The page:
A person convicted of an offence under the Act could receive a fine and/or a prison sentence of up to six months.

    Conviction on indictment (after being tried before a judge and jury) may mean a fine of up to €3,000,000 and/ or a prison sentence of up to five years.

    https://www.thejournal.ie/microbeads-law-ireland-5015080-Feb2020/


  • Registered Users Posts: 3,062 ✭✭✭ JohnC.


    Lekrub wrote: »
    These are high tec scumbags. How does someone make money from this? Surely 2nd hand market for batteries is pretty low.

    Lots of people use second hand batteries, either for energy storage or converting classic cars (and maybe even some not so classic) to electric. Tesla batteries seem especially popular for these purposes.


  • Moderators, Motoring & Transport Moderators, Technology & Internet Moderators Posts: 20,990 Mod ✭✭✭✭ bk


    unkel wrote: »
    Don't do that again. What do you think might have happened if they didn't get the car going with the software hack? It's well possible they would have been standing beside you and your sleeping family kindly asking for the keys...

    I disagree. What if you activate PIN to drive? A fella standing beside your bed, with a knife to your throat, asking for your PIN?

    Of course if you are going there, that can happen to anyone, break in and make the victim give you their credit/debit cards and PIN. Probably get more money that way then a scrapped Tesla.

    But as others have said, that is a vastly more serious and dangerous crime, with higher risks, vastly more Garda attention and much longer jail time if caught.

    Of course, I'd assume anyone who can afford a Tesla, also has a decent Home Security system, ideally monitored and actually used when home. Someone trying to break in should be setting off your home alarm system and you calling the Gardai. No guarantees of course, but most won't stick around with a blaring alarm and screaming family.

    There are also other steps a person can take to make it more difficult to physically break in, via better doors, windows, locks, etc. if you are really worried about that.


  • Registered Users Posts: 1,218 ✭✭✭ AmberGold


    Last year I read Tesla changed the signal time / range to prevent key fob relay attacks, back to the drawing board on this one.

    Also it seems Tesla have the lowest amount of cars stolen per manufacturer, a report in 2019 stated of 115 stolen in US 112 had been recovered. Obviously at this point they hadn't found how to rip out the SIM.


  • Moderators, Business & Finance Moderators, Motoring & Transport Moderators, Society & Culture Moderators Posts: 60,996 Mod ✭✭✭✭ L1011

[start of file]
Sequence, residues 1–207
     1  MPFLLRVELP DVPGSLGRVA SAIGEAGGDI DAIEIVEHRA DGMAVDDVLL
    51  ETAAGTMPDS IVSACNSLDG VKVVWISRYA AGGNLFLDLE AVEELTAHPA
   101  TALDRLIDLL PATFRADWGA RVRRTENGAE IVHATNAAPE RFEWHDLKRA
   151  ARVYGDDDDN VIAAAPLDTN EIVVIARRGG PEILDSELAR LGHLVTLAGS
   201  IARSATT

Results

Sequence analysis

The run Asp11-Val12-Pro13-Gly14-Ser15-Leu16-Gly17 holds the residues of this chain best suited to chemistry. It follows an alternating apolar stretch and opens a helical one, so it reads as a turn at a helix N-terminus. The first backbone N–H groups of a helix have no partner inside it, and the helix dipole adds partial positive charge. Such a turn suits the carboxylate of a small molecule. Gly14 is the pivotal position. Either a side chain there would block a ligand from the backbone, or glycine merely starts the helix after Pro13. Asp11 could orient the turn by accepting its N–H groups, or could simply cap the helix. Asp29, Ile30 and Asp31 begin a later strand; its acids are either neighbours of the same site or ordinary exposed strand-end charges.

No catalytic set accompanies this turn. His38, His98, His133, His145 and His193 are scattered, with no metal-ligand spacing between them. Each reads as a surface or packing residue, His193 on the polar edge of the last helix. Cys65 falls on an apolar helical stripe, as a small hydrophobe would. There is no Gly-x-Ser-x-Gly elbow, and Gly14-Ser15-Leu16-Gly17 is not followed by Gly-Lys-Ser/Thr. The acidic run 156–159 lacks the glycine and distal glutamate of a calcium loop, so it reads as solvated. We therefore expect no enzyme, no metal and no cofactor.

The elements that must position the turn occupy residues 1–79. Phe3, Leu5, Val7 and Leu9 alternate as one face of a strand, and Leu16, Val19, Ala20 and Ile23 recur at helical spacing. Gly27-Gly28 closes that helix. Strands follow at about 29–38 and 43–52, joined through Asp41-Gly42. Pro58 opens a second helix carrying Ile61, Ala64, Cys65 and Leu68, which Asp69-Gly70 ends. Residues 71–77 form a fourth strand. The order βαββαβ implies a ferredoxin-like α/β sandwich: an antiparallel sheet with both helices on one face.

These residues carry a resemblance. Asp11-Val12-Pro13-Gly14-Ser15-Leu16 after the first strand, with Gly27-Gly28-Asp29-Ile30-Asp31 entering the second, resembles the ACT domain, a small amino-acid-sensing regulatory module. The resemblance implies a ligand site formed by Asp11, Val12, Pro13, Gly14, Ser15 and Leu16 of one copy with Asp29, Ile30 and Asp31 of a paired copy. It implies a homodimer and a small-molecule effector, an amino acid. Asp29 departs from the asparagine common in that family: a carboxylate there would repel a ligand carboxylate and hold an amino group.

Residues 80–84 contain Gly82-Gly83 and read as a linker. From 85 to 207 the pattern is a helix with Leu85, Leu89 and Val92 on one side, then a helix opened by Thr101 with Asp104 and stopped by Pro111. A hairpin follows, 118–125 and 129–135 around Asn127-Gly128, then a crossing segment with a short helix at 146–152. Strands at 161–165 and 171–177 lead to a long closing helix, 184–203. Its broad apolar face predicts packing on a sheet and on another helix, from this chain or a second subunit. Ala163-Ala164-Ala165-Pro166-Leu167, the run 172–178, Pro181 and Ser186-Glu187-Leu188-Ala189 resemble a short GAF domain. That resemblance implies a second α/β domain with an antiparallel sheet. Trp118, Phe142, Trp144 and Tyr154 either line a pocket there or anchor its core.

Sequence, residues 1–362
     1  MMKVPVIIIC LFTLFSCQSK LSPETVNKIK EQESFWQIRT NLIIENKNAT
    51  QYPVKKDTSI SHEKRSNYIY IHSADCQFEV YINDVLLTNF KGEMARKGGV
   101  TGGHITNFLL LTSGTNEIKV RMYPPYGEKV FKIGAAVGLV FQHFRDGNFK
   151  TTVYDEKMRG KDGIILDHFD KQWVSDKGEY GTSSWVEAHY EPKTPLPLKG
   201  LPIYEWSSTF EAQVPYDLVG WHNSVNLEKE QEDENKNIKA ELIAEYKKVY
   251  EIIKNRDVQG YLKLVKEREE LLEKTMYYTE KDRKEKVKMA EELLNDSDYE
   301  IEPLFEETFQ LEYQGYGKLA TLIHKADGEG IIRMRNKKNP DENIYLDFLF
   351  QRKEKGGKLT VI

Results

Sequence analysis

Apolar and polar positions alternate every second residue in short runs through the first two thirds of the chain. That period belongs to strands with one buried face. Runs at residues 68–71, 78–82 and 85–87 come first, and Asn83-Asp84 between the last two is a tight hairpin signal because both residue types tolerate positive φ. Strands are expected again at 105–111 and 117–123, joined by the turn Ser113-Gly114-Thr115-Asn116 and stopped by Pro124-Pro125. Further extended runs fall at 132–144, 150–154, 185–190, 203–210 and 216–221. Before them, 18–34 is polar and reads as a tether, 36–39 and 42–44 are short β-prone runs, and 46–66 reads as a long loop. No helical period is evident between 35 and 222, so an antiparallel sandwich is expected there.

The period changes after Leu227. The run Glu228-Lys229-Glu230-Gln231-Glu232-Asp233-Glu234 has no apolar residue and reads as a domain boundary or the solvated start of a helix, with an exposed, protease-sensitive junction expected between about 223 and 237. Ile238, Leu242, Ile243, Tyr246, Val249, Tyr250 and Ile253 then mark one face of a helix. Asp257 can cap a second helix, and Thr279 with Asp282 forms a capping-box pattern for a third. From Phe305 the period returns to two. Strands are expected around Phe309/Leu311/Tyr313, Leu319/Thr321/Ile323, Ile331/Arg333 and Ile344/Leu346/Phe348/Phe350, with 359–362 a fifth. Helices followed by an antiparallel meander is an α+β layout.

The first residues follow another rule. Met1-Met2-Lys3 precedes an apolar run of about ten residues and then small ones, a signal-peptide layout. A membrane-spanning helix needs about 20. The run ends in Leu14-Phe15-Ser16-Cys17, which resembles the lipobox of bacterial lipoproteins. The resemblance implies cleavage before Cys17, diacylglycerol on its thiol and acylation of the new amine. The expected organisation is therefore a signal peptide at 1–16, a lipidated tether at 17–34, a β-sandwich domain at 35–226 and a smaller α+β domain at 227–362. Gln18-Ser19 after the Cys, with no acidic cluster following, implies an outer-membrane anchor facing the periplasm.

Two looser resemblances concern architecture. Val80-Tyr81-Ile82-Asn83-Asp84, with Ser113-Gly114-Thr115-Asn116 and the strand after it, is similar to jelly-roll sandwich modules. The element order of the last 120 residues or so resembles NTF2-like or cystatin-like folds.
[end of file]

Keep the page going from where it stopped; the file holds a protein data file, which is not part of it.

Possibly some tracking or record if they were connected to Tesla charging infrastructure. I heard they are able to disable charging of cars which were not repaired within the Tesla approved network so some verification must be done on each car connecting up to charge.

    If a car is going to be broken for parts, it won't turn up on any charging infrastructure.

    I don't think softSIMs/eSIMs are supported by any network in Ireland yet but this may be required if physical SIM removal is becoming a thing - for any and all tracking systems.


  • Moderators, Motoring & Transport Moderators, Technology & Internet Moderators Posts: 20,990 Mod ✭✭✭✭ bk


    L1011 wrote: »
    I don't think softSIMs/eSIMs are supported by any network in Ireland yet but this may be required if physical SIM removal is becoming a thing - for any and all tracking systems.

    Unfortunately GSM jammers exist and aren't difficult to get.


  • Registered Users Posts: 3,299 ✭✭✭ LeBash


    High end cars are a big target. If someone robs a bank they might get 20-30k and if they get caught its 10-12 years.

    Stealing any high end car can net them similar money but they will perhaps get 6 months regardless of entering the house or not. Plus it's easier to get away with and repeat.


  • Registered Users Posts: 7,829 ✭✭✭ BKtje


    AmberGold wrote: »

    Also it seems Tesla have the lowest amount of cars stolen per manufacturer, a report in 2019 stated of 115 stolen in US 112 had been recovered. Obviously at this point they hadn't found how to rip out the SIM.

    Is there any reason why they don't use an e-sim?


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  • Registered Users Posts: 3 ThreadWatcher


    [
    BKtje wrote: »
    Is there any reason why they don't use an e-sim?
    Is there any reason why you can't read the thread?
    L1011 wrote: »

    I don't think softSIMs/eSIMs are supported by any network in Ireland yet but this may be required if physical SIM removal is becoming a thing - for any and all tracking systems.